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5/11/2006
12:52 PM
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ICANN Turns Down .XXX, But Debate Continues

The group's directors voted 9 to 5 to reject the proposal for a dedicated "adult-only" content domain, as parties on both sides continue to make their case.

ICANN's rejection of the controversial .xxx supported Top Level domain (STLD) moved the issue of a dedicated porn area on the Web back to ground zero: its opponents expressed relief Thursday that the demise of the proposed TLD will keep children from easy access to adult sites while advocates of the TDL domain complained that an opportunity to control porn site watching has been lost.

ICANN (Internet Corporation for Assigned Names and Numbers) clamped a tight lid on the issue, forbidding its directors -- who voted 9 to 5 to reject the domain proposal -- from discussing the issue for 48 hours. ICANN said it will release details on the vote next week.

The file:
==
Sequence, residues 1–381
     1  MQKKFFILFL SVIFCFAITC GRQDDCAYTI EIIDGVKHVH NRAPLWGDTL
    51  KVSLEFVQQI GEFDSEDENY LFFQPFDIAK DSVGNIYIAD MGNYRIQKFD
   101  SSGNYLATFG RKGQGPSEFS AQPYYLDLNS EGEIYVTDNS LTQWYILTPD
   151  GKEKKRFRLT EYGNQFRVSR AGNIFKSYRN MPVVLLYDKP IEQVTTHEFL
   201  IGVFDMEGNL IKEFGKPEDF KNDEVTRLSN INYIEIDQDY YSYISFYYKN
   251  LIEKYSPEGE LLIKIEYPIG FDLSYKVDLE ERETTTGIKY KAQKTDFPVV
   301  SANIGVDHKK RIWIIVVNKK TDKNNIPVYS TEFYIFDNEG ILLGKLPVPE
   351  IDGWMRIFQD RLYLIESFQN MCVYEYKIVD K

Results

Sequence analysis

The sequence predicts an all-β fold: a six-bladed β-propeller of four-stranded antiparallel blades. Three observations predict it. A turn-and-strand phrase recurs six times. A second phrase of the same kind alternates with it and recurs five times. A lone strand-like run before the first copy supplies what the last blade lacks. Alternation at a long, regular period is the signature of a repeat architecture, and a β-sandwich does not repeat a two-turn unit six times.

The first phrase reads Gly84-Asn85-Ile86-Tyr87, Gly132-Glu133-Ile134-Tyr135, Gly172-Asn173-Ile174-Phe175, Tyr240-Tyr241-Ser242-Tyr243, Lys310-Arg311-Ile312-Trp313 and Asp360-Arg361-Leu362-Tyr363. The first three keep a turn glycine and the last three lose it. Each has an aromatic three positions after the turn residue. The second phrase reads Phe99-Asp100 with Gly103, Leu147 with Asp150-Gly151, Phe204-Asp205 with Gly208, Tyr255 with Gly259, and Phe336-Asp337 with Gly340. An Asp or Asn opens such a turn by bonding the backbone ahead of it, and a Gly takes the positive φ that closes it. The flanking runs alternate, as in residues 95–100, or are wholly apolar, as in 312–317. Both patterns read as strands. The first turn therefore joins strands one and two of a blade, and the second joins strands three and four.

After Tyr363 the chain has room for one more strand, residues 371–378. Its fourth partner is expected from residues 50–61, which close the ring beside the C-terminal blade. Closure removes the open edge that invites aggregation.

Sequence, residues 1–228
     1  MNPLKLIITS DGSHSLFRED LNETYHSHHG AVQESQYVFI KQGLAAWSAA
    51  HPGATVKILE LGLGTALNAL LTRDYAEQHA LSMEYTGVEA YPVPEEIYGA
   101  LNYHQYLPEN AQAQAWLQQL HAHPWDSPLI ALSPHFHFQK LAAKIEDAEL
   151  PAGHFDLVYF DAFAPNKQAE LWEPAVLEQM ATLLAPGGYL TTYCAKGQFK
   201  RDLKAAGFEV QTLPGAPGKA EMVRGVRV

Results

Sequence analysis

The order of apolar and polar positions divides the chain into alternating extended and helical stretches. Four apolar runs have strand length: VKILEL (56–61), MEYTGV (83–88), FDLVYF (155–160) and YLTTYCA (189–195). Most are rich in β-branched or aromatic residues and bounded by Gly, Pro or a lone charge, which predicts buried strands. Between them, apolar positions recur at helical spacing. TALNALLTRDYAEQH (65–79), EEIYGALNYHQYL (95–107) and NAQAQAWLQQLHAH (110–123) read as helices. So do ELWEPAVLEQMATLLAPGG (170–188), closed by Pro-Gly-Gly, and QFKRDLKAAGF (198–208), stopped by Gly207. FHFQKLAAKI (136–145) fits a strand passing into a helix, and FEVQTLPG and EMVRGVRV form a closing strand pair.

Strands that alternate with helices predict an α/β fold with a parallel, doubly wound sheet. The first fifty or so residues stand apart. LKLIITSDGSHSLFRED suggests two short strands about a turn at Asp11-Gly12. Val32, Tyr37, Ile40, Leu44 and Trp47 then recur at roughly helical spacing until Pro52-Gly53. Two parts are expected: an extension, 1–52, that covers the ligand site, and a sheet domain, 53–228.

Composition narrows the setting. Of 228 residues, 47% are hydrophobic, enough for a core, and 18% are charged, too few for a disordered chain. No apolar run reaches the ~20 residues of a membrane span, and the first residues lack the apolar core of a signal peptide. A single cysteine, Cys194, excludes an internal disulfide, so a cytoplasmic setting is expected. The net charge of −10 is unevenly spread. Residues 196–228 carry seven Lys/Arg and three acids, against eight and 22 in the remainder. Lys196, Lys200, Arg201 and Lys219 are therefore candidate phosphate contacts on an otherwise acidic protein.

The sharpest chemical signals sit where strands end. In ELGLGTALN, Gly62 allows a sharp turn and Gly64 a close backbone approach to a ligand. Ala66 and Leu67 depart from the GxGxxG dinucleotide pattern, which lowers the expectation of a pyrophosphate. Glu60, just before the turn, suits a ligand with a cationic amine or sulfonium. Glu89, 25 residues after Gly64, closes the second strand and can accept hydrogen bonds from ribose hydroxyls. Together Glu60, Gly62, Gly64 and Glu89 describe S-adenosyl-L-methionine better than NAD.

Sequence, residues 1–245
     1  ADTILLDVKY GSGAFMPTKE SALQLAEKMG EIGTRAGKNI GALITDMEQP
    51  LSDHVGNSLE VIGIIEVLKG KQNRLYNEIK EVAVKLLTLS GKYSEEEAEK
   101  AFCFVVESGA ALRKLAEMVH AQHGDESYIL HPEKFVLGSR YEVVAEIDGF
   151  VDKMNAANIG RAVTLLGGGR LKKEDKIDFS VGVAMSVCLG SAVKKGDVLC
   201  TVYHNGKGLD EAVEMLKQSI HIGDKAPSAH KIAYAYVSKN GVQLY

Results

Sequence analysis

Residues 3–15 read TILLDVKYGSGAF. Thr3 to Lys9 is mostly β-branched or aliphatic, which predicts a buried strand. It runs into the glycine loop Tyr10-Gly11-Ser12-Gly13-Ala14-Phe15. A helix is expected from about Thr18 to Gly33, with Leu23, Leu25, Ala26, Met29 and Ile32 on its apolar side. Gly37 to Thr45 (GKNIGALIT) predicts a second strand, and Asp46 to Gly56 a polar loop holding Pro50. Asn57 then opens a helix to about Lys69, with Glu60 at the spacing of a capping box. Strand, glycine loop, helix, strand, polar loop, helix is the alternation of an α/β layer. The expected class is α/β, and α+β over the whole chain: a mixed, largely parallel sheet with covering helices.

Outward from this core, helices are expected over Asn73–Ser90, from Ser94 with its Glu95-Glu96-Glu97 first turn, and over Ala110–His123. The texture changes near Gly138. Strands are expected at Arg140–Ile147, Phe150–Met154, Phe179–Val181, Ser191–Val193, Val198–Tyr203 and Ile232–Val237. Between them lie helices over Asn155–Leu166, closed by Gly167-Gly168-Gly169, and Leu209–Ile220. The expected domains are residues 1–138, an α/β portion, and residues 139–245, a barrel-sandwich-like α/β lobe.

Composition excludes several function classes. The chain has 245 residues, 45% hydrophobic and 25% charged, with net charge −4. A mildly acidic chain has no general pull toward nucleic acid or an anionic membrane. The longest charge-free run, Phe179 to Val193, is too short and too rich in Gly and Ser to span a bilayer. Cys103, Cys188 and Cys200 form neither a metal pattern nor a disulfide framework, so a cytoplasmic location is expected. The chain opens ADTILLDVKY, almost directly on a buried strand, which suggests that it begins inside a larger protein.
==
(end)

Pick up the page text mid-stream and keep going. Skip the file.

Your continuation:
One organization that lobbied hard against the TLD site, the conservative Family Research Council (FRC), which " champions marriage and family as the foundation of civilization, the seedbed of virtue, and the wellspring of society . . ." hailed the Wednesday decision.

Particularly disappointed in the vote was Stuart Lawley, whose ICM Registry stood to profit mightily from an .xxx domain. Lawley conceded that his company's business of signing up adult firms would have been lucrative, but he also maintained that a .xxx TLD would enable parents to easily oversee their children's surfing of adult sites.

In an article on the eve of the vote, the Wall Street Journal noted that conservative Christian groups including the FRC lobbied aggressively against the proposed TLD with the U.S. Commerce Department. Right-wing talk radio personalities and other organizations beat the drum, raising the heat against the .xxx proposal. Although the Commerce Department normally takes a hands-off stance on ICANN's affairs, it still is the ultimate authority behind ICANN.

The vote also came in the wake of efforts by several countries to gain a stronger voice in the operation of the Internet. Jonathan Zittrain, a professor of Internet governance at Oxford University, told the Wall Street Journal: "Dot-xxx isn't the best idea in the world. But a virtue of going ahead with it would have been a signal to ICANN's constituencies around the world that it is not just an arm of the U.S. government."

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